You’ve done it at last: your MVP is ready to hit the app store, and now you can look forward to developing all the other features in your pipeline. But as you start to scale your fledgling product, how can you make sure you don’t lose any of the quality you’ve worked so hard to build in?

You might think the answer lies in the developers you hire. Getting the best talent on board always helps, but it’s not just about assembling a developer super-team. It’s also about empowering them with the right tools and setting up the right policies to guide your scaling.

Read "Don't expect your app to take off from day one, building a digital product is a marathon not a sprint".

Release updates little and often

One of the biggest mistakes firms make when they start scaling after their minimum viable product is taking too long on their next release. It’s easy to put a lot of pressure on your first post-MVP update. Now you’ve got real users on board, you don’t want to put anything out that might break your app and undo all that hard work. Or maybe you only want to release something when it can make a significant change to your app’s feature set.

But if you wait for your next release to be perfect before rolling it out, it’ll never make it off your development server. Instead of a digital product that scales flawlessly, you’ll end up with users frustrated that your key features keep getting kicked down the road.

That's not all. The longer your next release gets held back, the more code builds up around it. And when you finally add that code to the actual product, the difference between the old and new versions are so huge that you'll get a whole heap of bugs flaring up at once.

There will always be bugs, no matter how many months you spend testing. Instead of chasing one perfect update, build a culture of small, regular iterations. You might encounter bugs more often, but it’ll be easier to deal with a few at a time than to track down what’s going wrong in a mammoth overhaul.

Streamline your testing with automation

Releasing regularly doesn’t mean chucking out updates for the sake of it. Your code still needs to be tested if you want to safeguard quality – the trick is to make that testing as efficient as possible so it doesn’t keep anything from reaching your active users.

One way to speed things up is to build automation into your testing process. In an ideal world you only need two humans involved in writing code: one developer to do the writing, and one to peer review it. Once the pull request has been approved, automated tests are all you need to check it for production.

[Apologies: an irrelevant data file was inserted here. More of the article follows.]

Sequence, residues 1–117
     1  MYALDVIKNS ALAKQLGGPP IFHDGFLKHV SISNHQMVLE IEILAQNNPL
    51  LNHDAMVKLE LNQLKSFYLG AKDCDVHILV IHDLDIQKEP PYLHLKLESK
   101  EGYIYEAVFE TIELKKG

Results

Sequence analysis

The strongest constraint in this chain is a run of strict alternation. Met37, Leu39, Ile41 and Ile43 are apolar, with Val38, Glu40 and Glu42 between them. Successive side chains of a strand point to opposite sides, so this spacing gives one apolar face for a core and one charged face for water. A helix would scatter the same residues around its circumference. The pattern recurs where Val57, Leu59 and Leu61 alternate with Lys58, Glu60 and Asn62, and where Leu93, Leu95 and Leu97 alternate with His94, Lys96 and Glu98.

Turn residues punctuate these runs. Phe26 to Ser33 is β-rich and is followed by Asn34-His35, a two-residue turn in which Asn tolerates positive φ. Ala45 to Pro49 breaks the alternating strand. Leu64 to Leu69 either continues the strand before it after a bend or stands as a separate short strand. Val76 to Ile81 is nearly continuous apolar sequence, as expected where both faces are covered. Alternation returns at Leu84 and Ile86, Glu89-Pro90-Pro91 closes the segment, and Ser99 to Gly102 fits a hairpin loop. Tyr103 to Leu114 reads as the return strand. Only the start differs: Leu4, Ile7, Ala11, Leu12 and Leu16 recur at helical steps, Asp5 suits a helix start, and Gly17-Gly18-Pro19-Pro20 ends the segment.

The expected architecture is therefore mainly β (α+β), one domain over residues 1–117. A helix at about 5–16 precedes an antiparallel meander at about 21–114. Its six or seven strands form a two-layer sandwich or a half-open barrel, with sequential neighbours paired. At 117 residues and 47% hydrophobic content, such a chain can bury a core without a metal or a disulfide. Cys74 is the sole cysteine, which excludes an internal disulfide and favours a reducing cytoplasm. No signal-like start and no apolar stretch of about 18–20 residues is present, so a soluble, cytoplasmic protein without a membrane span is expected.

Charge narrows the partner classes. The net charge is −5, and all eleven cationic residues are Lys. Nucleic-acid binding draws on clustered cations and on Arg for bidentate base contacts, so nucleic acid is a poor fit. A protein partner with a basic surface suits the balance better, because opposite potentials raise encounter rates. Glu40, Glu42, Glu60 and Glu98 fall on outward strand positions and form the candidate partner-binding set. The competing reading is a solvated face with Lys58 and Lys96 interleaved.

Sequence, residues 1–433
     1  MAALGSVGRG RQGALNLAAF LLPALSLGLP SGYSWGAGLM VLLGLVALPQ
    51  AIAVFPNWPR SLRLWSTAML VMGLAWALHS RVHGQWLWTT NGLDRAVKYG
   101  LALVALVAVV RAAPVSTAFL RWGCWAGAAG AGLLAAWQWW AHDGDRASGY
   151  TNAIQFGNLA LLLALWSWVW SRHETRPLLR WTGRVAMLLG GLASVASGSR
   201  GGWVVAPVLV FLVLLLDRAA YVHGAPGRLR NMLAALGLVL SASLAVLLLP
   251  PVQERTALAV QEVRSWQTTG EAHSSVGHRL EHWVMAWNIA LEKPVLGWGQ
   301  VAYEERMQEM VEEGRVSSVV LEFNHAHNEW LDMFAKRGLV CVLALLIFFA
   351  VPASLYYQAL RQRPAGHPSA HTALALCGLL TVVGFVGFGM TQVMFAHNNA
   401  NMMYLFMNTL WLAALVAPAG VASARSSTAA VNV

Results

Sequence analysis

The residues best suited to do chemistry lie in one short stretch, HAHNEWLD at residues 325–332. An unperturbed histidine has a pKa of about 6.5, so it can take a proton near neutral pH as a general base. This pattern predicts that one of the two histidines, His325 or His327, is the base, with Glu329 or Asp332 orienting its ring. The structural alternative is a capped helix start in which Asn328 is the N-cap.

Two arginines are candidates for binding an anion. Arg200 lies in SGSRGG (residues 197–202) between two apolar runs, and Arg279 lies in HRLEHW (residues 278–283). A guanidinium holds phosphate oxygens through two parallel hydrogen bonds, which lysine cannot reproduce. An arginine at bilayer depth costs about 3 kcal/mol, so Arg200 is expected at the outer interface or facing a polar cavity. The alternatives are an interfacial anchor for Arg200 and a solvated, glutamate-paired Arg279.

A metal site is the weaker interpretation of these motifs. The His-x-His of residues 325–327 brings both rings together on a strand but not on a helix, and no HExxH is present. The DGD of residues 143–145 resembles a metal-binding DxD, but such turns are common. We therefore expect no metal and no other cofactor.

Rolling out updates without any manual testing might scare your product manager, but automated testing isn’t more fallible than a human pair of eyes. Automated testing doesn’t get tired or distracted – it won’t reach 4pm on a Friday and rush through the last checks to get home.

If anything does slip through the automated net, it’ll be something caused by a specific user request on a specific device with a specific app and operating system version. Those are bugs so obscure that you’ll almost never encounter them until the update goes into the wild – and that’s where monitoring comes in.

For automated testing, see Moropo.

Build a tight feedback loop

When you're making a minimum viable product, bug monitoring probably isn't high on the priority list. You've got key features to build and an idea to validate – maybe there's a line of Google Analytics code or some basic Sentry bug-catching in there, but that's it. Once you start scaling your app with real users though, you're going to need to invest in your monitoring before you start rolling out more features.

Without stringent bug reporting, you’re not going to know something’s gone wrong for specific users unless they let you know about it. But if you’re going to fix those bugs you need to know exactly what’s broken and under what circumstances – and ideally, before you read about it in an angry tweet or a one-star review.

One way to help that process of identifying and fixing bugs is with correlation IDs. These are unique identifiers that are attached to every request in your app, and they follow those requests all the way through the system. 

That means that if something's broken for one of your users, your tech team can track down exactly where and why the request failed without conducting a huge manual investigation. And the faster you can find the bug, the faster you can roll out a fix.

Enabling that feedback loop also means setting the right expectations from the start. When you start evolving your MVP, the non-technical side of the business will want to crack on with the product ideas that add the most value to the user experience. But if that's where all your sprints are focused, you won't have any resources left for monitoring, bug fixes and refactoring, and the quality of the app will suffer.

It’s up to the developers to make it clear why bug reporting code and automated testing are so important to set up first. Once those elements are in place, scaling your app becomes faster and less frightening. Because even when a release does kick up bugs, you’ll have the tools in place to find, address and resolve them before they can hurt your app.

If you need support in scaling beyond your MVP or you’re looking to get your app project off the ground, get in touch.

Want experts on your side to drive forward your project?
Need a second opinion on something?
We’re here to help!
Find out more
a photo of the Morrow team sat at a dinner table
More insights